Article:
Why are so many people addicted to prescription pain pills?

I was reading a great blog I’ve started visiting, http:addictionblog.org and came across an entry about why the U.S. has more pain pill addicts now than 10 years ago.

I couldn’t resist blathering on,  commenting on the blog. I wrote so much the software thought I was spamming. So I thought I’d repeat my comments here, on my blog.

This is an important issue. We now have an estimated 1.7 to 2 million people addicted to prescription pain pills. Many of the conditions that contributed to this wave of addiction have been changed – but not all.

Prescription opioid addiction has increased dramatically over the last decade, due to a combination of factors. First, there was the pain management movement, which emphasized the importance of adequate pain control. Of course that’s an admirable goal, but the risks of addiction were understated due to bad science and misinterpretation of limited data. Instead of a risk of addiction of about 1%, quoted by many pain management gurus, the true incidence is more like 10 – 45%, depending on which study you read.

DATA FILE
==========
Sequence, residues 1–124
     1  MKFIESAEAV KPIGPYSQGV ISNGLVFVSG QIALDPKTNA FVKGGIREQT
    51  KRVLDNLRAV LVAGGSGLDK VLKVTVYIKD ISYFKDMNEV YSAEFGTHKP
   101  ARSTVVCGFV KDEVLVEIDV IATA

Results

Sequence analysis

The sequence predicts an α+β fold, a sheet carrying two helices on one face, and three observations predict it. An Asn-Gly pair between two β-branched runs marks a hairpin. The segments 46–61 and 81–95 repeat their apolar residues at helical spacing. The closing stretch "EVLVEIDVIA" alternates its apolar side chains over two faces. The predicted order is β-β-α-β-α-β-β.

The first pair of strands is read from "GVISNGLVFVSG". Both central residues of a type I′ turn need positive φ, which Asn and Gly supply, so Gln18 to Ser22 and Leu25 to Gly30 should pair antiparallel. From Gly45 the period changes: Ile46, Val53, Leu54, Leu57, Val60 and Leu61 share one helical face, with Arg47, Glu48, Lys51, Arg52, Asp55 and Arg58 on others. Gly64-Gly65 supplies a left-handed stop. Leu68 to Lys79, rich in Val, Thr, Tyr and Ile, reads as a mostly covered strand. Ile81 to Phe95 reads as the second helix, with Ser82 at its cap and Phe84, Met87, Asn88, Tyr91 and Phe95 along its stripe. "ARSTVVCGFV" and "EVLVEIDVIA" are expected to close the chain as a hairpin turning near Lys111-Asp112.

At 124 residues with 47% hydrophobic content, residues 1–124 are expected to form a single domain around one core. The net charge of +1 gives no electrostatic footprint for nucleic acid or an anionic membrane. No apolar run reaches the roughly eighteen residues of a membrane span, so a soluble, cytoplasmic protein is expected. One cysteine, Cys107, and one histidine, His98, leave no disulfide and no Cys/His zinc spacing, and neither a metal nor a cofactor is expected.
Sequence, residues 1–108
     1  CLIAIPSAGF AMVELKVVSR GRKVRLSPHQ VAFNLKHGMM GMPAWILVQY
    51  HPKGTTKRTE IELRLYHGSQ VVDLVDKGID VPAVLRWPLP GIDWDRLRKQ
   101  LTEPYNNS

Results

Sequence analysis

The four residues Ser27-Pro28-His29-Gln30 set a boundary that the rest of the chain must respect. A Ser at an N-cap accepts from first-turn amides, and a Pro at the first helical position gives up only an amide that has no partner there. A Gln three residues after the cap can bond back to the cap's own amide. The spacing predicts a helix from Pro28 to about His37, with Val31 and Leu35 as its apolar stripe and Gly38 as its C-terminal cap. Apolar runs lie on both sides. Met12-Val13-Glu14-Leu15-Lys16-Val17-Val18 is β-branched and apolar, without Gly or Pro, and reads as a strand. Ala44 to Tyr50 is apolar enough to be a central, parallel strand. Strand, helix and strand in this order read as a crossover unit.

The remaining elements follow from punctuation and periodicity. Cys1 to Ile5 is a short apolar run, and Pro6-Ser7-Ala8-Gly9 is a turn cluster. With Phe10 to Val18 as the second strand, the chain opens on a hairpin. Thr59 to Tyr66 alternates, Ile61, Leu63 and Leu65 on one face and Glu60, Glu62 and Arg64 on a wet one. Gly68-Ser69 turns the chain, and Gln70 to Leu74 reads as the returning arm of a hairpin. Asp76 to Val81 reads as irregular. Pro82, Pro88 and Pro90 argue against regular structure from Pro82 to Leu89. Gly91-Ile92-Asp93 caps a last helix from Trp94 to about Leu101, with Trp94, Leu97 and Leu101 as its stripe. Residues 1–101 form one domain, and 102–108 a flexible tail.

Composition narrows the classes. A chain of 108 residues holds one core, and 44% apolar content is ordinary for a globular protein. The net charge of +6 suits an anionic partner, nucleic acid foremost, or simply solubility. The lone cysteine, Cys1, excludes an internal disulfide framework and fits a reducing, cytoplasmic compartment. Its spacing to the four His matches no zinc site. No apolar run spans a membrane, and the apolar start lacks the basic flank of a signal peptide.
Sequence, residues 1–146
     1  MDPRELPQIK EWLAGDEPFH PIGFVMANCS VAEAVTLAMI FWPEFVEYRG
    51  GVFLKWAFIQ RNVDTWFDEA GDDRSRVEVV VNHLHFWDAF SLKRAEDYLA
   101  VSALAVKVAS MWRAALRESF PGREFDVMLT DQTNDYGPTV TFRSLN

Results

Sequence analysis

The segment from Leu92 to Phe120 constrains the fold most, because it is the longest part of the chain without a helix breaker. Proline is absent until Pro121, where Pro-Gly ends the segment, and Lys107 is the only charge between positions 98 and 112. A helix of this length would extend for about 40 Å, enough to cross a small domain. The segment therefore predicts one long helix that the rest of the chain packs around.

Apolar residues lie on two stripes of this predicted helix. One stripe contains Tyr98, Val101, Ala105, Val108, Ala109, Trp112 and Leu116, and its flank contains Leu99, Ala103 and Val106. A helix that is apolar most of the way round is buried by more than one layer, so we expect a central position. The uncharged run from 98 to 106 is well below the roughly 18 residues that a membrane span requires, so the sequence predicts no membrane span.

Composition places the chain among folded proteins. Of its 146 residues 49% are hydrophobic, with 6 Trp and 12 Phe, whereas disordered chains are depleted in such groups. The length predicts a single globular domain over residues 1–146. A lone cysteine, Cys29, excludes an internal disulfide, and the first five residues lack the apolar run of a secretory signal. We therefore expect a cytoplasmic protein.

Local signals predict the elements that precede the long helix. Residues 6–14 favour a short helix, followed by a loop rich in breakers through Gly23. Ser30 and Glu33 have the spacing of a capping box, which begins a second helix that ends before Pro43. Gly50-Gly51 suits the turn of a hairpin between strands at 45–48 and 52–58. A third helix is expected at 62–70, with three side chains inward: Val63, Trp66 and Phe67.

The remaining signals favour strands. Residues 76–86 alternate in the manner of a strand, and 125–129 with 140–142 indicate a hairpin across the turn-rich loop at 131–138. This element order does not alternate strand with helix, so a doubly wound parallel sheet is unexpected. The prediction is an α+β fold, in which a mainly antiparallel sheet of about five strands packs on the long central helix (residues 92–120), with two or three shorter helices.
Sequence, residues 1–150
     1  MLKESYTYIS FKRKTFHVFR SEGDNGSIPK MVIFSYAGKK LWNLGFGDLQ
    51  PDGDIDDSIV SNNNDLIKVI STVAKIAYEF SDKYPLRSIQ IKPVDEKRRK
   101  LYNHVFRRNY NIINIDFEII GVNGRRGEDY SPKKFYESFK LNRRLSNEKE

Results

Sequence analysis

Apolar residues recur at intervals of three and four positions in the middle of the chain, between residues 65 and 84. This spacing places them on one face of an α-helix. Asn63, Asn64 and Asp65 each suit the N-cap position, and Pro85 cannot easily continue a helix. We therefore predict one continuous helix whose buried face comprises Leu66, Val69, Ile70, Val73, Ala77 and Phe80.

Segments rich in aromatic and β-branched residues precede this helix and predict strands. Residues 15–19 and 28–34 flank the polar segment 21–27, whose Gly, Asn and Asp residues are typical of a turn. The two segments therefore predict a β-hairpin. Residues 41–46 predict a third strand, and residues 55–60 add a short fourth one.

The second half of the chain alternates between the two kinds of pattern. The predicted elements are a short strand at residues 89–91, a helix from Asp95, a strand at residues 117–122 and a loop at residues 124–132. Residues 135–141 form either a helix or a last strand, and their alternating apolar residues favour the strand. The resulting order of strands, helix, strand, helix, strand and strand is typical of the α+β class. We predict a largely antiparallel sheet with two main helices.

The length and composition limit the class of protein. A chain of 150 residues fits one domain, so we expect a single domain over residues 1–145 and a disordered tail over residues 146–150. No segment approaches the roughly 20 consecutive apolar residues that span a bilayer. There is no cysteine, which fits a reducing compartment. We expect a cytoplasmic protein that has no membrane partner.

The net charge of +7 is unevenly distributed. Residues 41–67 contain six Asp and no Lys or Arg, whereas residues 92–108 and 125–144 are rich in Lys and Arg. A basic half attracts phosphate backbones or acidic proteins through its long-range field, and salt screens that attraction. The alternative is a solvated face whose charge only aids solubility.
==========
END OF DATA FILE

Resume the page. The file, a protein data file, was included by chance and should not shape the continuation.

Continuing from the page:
Then against that backdrop, OxyContin was released and marketed to general practitioners and family docs with limited knowledge about how to identify and treat addiction. In general, medical schools and residencies have done a lousy job of educating doctors about proper prescribing of opioid medications, how to identify addiction, and where to refer people for treatment of their addiction.

 Then there was access to opioids via the internet, which actually seemed to be a bigger problem than it was. A small percentage of abused opioids came from the internet, but some people became addicted in that way. With the changing laws, these rogue internet pharmacies are less numerous.